Some eleven years ago, Vanity Fair contributor Bryan Burrough wrote a lengthy, if not macabre, article about the disappearance of a pair of mountaineers who were attempting to become the first individuals to summit Mt. Everest.
The two were an odd pair. The leader of the 1924 expedition was renown British mountaineer George Mallory, who was making his third and final attempt to reach the top of the world. His partner was an accomplished, yet comparative neophyte climber named Andrew “Sandy” Irvine. The trek up Everest was Irvine’s first.
As the duo braced for the final push, ascending the mountain’s infamous “second step,” fellow mountaineer Noel Odell spotted the two in the distance:
From what Odell could see, they had barely 900 feet to go before they reached the summit. Then a veil of high white clouds dropped across the mountaintop, obscuring Odell’s view, and the two men disappeared.
The fate of the two men, and their success was a complete mystery, left shrouded in Everest’s icy mist until May 1, 1999, when a gaggle of American climbers found the proverbial needle in the haystack on Everest’s icy slopes, and discovered the body of George Mallory. Whether Mallory and Irvine actually reached the summit remains unclear.
Burrough’s tale is, of course, gripping. He describes Mallory and Irvine’s ascent through the “death zone” of Mt. Everest, and explains the remarkable odds faced by climbers who challenge the angry mountain.
Since Everest was first conquered by Sir Edmund Hillary in 1953, roughly 219 people have perished in their attempt to follow suit. The death of Francys (Fran) Arsentiev is a particularly harrowing account. Arsentiev was an American climber who was discovered alive though ailing on the mountain by a group of climbers. After assessing Arsentiev’s condition, and the weather conditions on Everest, the group left her to die as they made their ascent.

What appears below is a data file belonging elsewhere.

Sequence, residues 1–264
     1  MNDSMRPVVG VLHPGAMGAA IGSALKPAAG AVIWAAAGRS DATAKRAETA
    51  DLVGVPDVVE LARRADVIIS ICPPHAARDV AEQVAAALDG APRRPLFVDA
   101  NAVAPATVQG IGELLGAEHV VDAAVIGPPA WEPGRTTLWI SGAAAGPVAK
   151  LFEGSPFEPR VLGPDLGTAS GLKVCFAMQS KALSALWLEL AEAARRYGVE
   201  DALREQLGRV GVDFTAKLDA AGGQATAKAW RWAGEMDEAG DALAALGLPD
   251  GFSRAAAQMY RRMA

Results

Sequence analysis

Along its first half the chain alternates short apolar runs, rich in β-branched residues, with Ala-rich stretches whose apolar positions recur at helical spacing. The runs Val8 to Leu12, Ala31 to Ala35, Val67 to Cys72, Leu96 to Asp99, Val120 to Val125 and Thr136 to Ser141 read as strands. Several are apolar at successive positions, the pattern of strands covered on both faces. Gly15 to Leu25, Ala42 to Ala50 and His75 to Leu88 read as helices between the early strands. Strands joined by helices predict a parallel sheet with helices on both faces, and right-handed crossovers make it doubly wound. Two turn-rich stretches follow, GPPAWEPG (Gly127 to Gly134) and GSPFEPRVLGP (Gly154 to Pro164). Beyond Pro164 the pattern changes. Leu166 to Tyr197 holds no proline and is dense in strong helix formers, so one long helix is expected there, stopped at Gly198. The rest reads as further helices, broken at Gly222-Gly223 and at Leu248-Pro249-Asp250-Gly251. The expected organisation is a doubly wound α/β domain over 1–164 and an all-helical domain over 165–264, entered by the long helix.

The accounts and documentaries on the difficulties of summiting Mt. Everest, leave me utterly entranced by the human need to accomplish. We homo sapiens seem to have something hard wired in us that cuts across cultures, and prompts us to test our limits. In the Arsentiev story, climbers saw the risks that awaited them, yet left her to pursue their climb anyway. A more callous interpretation of the story is that the climbers’ need to reach the summit trumped their concern for human life, sentencing Arsentiev to death – though the matter is admittedly much more complex. As for Mallory and Irvine, climbing in 1924, they were attempting the impossible. Everest had never been climbed. Their gear consisted of woolen jackets and hobnail boots. The odds of success had them doomed from the start. And yet, they climbed. Some theories even have Mallory actually summiting before his death – a full 29 years before Sir Edmund Hillary.
Mallory reputedly said he wanted to climb Everest simply, “because it’s there.” Whether the quotation is true or not, it aptly sums up a great deal about the life we live. Why did mankind go to the Moon? What prompted our scientific advances in medicine? What made Steve Jobs and Steve Wozniak create the Apple I and Apple II computers? What makes an otherwise sane person pursue a doctorate (in any field)? What makes a group of disgruntled taxpayers think they can defeat the most powerful nation on Earth? Why do we set New Year’s resolutions, run marathons, smoke cigars, play video games, or create works of art, literature, and music?
In the end, all of our creative and aspirational undertakings amount to some variation of Mallory’s “because it’s there.”
I doubt that I will ever climb Mt. Everest, but knowing Mallory’s story leaves me with the inkling there’s something fundamentally human about the view from the top of the world. It’s in our DNA. It’s the feeling everyone gets when we conquer our respective mountains – literally, or figuratively; wherever, and whatever they may be.